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Competitive Promotion Report releases briefing on taking on big data

BY Alaric DeArment

MARIETTA, Ga. — Competitive Promotion Report is hoping to help consumer packaged goods manufacturers parse large and complex data sets in a new report.

CPR announced Wednesday the release of a business brief, "How Consumer Packaged Goods Manufacturers Can Unlock Big Data," explaining the types of data available to the CPG industry and a description of the company’s advanced analytics system, Integrated Data Management. CPG manufacturers in the health, beauty and wellness industry often receive data from a variety of sources. The brief is available on CPR’s website.

"Although managing big data is daunting, manufacturers have to address it sooner rather than later," CPR president and CEO Glen Davis said. "We have a proven process and approach to gathering disparate data and turning it into market intelligence so companies can make better-informed decisions."

The brief also provides information on how CPR Consulting Group can provide manufacturers with analytics or support in-house analysts. Organizations lacking the resources to contend with disparate data sources can minimize start-up costs and save time by partnering with the company, it said, touting its knowledge of the health, beauty and wellness industry.


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Closer collaboration between payers, physicians could reduce cancer care costs, studies find

BY Alaric DeArment

DUBLIN, Ohio — Healthcare company Cardinal Health has released a series of studies showing ways that it says could reduce the cost of treating cancer.

Cardinal Health Specialty Solutions and CareFirst BlueCross BlueShield started the studies in 2008, in which physicians in the CareFirst network collaborated to develop evidence-based treatment regimens — also known as clinical pathways — for breast, lung and colon cancers that maintained care quality, reduced costs and ensured fair compensation for doctors. According to Cardinal, cancer care costs could reach $170 billion by 2020.

According to the study, presented this month at the 49th annual meeting of the American Society of Clinical Oncology, collaboration between payers and physicians was a significant factor behind the success of the program, which reduced CareFirst’s overall costs by 15%, primarily through a 7% decline in emergency room visits, shorter lengths of hospital stays, increased use of generic drugs and more appropriate use of chemotherapy. While spending on drugs was reduced overall, reimbursements to physicians for drugs increased, as did reimbursement overall.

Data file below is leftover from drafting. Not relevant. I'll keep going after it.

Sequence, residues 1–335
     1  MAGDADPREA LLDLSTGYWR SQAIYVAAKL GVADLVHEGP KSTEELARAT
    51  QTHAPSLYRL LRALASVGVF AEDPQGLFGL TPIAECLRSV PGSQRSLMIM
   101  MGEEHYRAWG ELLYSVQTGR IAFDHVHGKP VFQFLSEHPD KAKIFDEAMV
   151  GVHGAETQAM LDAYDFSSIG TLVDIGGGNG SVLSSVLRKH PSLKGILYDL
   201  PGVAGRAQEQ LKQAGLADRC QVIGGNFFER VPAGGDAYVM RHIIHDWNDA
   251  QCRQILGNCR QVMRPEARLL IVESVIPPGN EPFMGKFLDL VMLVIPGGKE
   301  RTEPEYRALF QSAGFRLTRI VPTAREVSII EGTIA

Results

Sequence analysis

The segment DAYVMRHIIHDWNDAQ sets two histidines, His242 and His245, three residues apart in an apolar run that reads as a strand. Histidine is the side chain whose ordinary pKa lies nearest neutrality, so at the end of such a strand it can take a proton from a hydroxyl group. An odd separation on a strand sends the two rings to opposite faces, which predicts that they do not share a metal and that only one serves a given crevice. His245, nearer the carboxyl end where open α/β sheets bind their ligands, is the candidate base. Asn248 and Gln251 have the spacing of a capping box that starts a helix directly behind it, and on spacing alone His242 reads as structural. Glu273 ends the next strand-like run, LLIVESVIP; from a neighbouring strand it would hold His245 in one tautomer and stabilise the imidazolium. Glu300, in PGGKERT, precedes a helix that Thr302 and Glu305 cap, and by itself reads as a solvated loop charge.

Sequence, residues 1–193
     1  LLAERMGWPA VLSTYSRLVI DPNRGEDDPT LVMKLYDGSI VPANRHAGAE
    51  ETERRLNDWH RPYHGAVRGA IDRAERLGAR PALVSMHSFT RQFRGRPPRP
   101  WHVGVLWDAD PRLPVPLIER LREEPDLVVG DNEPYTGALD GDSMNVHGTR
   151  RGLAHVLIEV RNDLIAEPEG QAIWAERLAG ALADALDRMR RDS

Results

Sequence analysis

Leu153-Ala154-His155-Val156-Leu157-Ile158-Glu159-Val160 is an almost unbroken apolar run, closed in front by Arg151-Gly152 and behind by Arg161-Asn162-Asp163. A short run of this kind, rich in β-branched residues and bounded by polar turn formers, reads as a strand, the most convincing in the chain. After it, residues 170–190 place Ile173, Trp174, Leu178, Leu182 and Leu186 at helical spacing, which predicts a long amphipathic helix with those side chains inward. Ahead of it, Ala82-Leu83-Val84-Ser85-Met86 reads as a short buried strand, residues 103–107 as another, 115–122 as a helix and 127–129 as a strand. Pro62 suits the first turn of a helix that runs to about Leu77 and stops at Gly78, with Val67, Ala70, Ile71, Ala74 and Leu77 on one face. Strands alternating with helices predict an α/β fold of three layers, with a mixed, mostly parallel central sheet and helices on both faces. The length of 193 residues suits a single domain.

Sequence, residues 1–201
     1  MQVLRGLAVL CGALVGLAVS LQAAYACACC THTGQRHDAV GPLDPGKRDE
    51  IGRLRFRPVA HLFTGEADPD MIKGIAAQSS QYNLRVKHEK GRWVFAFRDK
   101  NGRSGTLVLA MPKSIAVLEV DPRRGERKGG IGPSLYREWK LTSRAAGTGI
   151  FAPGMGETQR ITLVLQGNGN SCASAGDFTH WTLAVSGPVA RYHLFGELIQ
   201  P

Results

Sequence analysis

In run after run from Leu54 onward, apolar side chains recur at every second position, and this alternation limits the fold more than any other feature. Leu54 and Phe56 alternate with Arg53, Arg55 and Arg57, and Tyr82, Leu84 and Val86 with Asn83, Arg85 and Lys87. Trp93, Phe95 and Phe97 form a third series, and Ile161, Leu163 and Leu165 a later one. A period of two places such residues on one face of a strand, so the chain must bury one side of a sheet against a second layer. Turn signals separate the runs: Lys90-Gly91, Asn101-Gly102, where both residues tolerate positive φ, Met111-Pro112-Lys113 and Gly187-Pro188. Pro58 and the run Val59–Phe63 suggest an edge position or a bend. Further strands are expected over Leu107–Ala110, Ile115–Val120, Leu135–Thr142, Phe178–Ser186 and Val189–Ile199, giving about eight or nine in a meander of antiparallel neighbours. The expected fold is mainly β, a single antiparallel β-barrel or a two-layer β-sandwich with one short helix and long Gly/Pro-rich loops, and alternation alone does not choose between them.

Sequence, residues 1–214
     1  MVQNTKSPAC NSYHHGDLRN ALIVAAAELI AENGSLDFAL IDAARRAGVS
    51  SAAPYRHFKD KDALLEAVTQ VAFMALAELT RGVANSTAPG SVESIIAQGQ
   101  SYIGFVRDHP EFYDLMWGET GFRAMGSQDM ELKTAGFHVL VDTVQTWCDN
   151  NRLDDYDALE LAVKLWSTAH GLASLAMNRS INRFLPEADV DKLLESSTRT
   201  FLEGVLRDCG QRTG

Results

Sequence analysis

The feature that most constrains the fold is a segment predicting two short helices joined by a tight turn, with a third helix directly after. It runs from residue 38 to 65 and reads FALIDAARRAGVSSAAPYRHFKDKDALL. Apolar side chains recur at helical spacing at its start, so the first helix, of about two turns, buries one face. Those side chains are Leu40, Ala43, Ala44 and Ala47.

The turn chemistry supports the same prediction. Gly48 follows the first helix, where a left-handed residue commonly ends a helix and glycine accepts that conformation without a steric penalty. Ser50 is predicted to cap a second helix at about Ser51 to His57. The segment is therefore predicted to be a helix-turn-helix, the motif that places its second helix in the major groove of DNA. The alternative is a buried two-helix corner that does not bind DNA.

"These positive results prove that when implemented collaboratively with physician input and buy-in, our clinical pathways can create a new paradigm for the delivery of cancer care — one in which all stakeholders can win," Cardinal Health Specialty Solutions VP and chief medical officer Bruce Feinberg said.

 

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Effort to create special domain for online pharmacies makes progress

BY Alaric DeArment

NEW YORK — An effort to allow trusted online pharmacies to add ".pharmacy" to their URLs cleared a hurdle last week as it passed an initial evaluation by the body that regulates the web address suffixes, known as generic top-level domains.

The National Association of Boards of Pharmacy said passing the Internet Corporation for Assigned Names and Numbers’ initial evaluation was a "key success" and "critical milestone" in creating a way for legitimate online pharmacies to stand out from the large number of illegal ones that have proliferated over the years.

"Passing this hurdle in the .pharmacy application process is a significant success in NABP’s initiative to establish a safe online space that will benefit patients and the healthcare community around the world," NABP president Karen Ryle said. "With the online distribution of counterfeit and substandard medications posing a growing threat to consumers, NABP is extremely pleased to move forward with its plans for the .pharmacy [generic top-level domain.]"

Rogue internet pharmacies have become a growing problem as many patients in the United States, seeking a bargain on prescription drugs, order their medications from them. The pharmacies are known to go to great lengths to disguise themselves as Canadian or American, but are often operated from countries with lax regulations, creating the risk that their drugs may be counterfeit, adulterated, expired or contaminated. A January review by the NABP of 10,275 online pharmacies found that 97% of them were out of compliance with U.S. laws. Of the 9,938 identified as "non-recommended," nearly half offered drugs to U.S. residents that were foreign or not approved by the Food and Drug Administration, as well as selling dangerous counterfeit drugs.
The NABP said the next step will include execution of the registry agreement with ICANN and performance of pre-delegation testing to ensure that the pharmacy group and its partners can operate the .pharmacy domain in a stable and secure manner. The NABP plans to launch the domain by the end of this year.

 

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